For the last couple of years, I’ve made yearly predictions for the holidays. I’m far from ideal, but I have been correct a long time. I’m taking a risk with my fourth forecast this year: an 18 percent increase in ecommerce sales. Do you believe I will be right?
1. Winter Weather Will Effect Holiday Retail Sales
Long-range weather forecasts indicate that the days leading up to Black Friday and Cyber Monday could be colder than last year.
Weather Trends, a service which forecasts weather for retailers and other companies, is reporting that Thanksgiving Day could be six degrees cooler than last year at the northeastern United States and almost 20 degrees cooler than last year at the north-central section of the nation.
2. 25 Percent of U.S. Ecommerce Sales Will Come From Mobile
There’s a mobile ecommerce difference. A vast majority of American shoppers spend more time on the internet on a mobile device than they do on a desktop computer or notebook computer. Nonetheless, as a group, ecommerce shoppers are more likely to make purchases from a notebook or desktop system.
Why? Because too many online stores do not offer a excellent mobile shopping experience. When retailers can make it just as easy to locate and purchase goods on a small, touch screen, ecommerce will get mobile commerce.
For the 2017 holiday shopping season, I believe mobile commerce sales will account for 25 percent of all U.S. electronic earnings.
3. Self Gifting Will Be Big
Not every”holiday” buy from Halloween to Christmas is a gift for somebody else.
So called self-gifting isn’t new. Retailers have seen the trend for ages. But in 2017, organizations, including the aforementioned NRF, are encouraging retail industry to advertise in self-gifters.
“Self-gifters are open to recommendations; retailers must produce calls to action for shoppers to’treat themselves’ 1 common self-gifting plan is to provide bonuses with gift cards and holiday purchases,” the NRF reported in its 2017 Retail Holiday Planning Playbook.
Given this reinforcement (and early reminder) in the NRF, I anticipate more retailers to produce self-gifting offerings and promote self-gifting in advertisements.
- cost of goods sold cogs
- what is inventory turnover-ratio
- pos receipt template ideas
- cost of goods sold cogs
4. Ecommerce Sales Will Grow 18 Percent
Some from the retail industry are indicating that U.S. ecommerce sales may slow a little in 2017 relative to previous decades.
For instance, eMarketer predicted that electronic holiday sales would grow about 15.8 percent this year, compared to some 17-percent growth in 2016.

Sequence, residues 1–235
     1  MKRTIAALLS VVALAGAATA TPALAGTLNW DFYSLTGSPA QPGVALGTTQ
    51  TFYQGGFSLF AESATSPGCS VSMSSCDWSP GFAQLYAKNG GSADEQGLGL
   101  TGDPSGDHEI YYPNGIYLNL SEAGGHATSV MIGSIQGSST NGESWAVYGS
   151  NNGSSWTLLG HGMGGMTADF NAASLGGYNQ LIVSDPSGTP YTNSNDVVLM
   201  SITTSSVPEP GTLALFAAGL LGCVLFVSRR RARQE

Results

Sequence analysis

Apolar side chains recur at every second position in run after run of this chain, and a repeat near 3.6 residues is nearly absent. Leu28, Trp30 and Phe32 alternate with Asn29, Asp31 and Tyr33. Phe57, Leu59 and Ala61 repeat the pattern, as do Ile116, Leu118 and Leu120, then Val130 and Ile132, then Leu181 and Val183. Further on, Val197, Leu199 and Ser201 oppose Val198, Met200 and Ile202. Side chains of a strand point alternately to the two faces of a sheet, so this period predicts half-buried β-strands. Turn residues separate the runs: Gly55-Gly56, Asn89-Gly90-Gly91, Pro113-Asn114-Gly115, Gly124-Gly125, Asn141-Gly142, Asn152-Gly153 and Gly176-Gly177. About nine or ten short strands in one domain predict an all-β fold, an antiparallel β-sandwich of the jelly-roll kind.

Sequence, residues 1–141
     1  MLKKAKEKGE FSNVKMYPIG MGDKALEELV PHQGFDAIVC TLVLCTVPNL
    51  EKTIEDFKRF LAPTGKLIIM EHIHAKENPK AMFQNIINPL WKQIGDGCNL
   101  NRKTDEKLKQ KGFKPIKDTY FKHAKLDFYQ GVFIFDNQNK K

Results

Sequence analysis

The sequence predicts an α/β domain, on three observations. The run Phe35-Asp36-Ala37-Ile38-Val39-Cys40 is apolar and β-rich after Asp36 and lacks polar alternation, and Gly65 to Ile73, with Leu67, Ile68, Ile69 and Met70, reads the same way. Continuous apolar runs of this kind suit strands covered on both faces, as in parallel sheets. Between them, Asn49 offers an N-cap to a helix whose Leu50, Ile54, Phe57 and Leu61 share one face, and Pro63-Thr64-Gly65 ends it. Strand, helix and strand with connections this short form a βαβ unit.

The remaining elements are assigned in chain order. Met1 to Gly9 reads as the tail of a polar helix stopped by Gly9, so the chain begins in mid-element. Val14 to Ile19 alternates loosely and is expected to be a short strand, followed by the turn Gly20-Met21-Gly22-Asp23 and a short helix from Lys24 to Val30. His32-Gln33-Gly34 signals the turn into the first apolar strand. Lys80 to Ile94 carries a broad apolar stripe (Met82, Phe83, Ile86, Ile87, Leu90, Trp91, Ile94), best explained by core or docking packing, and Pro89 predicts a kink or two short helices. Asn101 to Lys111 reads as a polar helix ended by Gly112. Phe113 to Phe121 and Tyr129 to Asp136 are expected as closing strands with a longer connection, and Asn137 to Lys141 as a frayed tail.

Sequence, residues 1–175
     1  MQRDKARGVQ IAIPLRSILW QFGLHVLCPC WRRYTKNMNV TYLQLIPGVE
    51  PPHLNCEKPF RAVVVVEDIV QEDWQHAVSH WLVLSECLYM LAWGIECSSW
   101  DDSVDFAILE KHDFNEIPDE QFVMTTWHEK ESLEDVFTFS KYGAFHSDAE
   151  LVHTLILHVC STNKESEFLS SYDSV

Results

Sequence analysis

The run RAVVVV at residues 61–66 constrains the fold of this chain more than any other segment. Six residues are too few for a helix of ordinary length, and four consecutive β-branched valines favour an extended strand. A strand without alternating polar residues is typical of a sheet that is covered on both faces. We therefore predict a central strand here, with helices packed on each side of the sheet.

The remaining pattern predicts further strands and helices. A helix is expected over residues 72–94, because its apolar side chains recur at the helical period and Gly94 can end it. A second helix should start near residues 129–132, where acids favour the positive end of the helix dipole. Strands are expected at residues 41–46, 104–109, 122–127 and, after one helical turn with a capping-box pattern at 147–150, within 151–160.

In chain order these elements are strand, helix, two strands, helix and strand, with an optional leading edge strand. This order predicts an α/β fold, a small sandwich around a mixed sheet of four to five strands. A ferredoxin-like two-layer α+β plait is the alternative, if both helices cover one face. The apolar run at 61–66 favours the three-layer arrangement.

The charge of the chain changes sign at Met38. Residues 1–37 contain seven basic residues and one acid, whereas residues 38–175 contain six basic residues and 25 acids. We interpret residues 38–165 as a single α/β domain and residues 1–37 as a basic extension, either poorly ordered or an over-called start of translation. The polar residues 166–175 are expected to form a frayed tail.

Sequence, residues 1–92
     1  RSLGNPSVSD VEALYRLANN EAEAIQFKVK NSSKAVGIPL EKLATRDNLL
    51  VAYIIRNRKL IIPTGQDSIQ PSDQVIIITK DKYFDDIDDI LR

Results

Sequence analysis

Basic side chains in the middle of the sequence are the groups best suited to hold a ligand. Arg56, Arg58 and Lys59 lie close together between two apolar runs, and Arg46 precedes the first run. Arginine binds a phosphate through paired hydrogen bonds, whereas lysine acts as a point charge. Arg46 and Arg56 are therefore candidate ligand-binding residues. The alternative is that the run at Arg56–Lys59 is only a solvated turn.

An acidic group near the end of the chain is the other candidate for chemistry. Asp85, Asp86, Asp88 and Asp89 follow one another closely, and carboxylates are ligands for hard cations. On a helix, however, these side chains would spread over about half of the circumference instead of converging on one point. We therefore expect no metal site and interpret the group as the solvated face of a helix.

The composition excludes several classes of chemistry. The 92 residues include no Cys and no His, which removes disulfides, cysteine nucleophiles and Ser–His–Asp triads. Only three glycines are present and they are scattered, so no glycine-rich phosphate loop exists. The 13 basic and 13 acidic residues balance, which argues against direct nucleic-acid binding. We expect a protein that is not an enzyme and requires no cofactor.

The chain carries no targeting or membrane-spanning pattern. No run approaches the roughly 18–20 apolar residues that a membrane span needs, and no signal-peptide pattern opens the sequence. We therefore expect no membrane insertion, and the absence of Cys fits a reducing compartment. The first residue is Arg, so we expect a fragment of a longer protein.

I am a little more optimistic. In my view, enterprise ecommerce merchants have done a fantastic job of producing mobile shopping adventures (see forecast 1.) , helping to fuel ecommerce sales this Christmas.
What is more, big traditional retailers such as Walmart are attempting to boost ecommerce sales so as to compete with Amazon, possibly pushing more shoppers online.
Last Year’s Predictions
In September 2016, I made a similar collection of holiday shopping forecasts. Based on how liberally you grade me, I got two or three right.
“60 Percent of Online Orders Will Include Free Shipping.” At the time of writing, I couldn’t find a study or survey that created this amount. So I can’t confirm that 60 percent of online orders comprised a free shipping deal. What did your ecommerce business experience?
“Mobile Commerce Will Grow 60 Percent.” In america, mobile commerce sales for November and December climbed from about $11.8 billion to $17.1 billion last year, an increase of 44 percent year-over-year, according to comScore. I was, it appeared, a little too optimistic. About 21 percent of all holiday digital earnings (excluding travel) came from a mobile device.
Mobile trade grew 44 percent during the 2016 holiday season, according to comScore. Overall retail vacation ecommerce sales increased by approximately 17 percent.
“Ecommerce Sales Will Grow 13 Percent.” Ecommerce sales for November and December rose 17 percent in america in 2016, from approximately $68.3 billion to about $80.2 billion, according to comScore. Thus my forecast of 13 percent increase was overly conservative.
“Video Advertising on the Rise.” This was a soft forecast with no particular quantity of increase. However, I was, nonetheless, right that movie advertisements rose. “In 2015, U.S. agency and advertising professionals said they spent, on average, $5.6 million on electronic and mobile video advertising,” according to eMarketer,”A year later, they spent an average of $6.8 million, and this season  they expect spending an average of $9.4 million.”